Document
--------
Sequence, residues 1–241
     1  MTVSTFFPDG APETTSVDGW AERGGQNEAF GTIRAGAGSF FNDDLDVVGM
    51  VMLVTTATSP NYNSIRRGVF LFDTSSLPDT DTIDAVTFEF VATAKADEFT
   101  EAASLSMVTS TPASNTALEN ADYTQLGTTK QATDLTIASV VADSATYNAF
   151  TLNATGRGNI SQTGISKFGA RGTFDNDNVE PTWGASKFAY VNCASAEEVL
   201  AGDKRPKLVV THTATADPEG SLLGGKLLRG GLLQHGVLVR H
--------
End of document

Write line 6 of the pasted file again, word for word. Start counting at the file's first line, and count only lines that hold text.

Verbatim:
   201  AGDKRPKLVV THTATADPEG SLLGGKLLRG GLLQHGVLVR H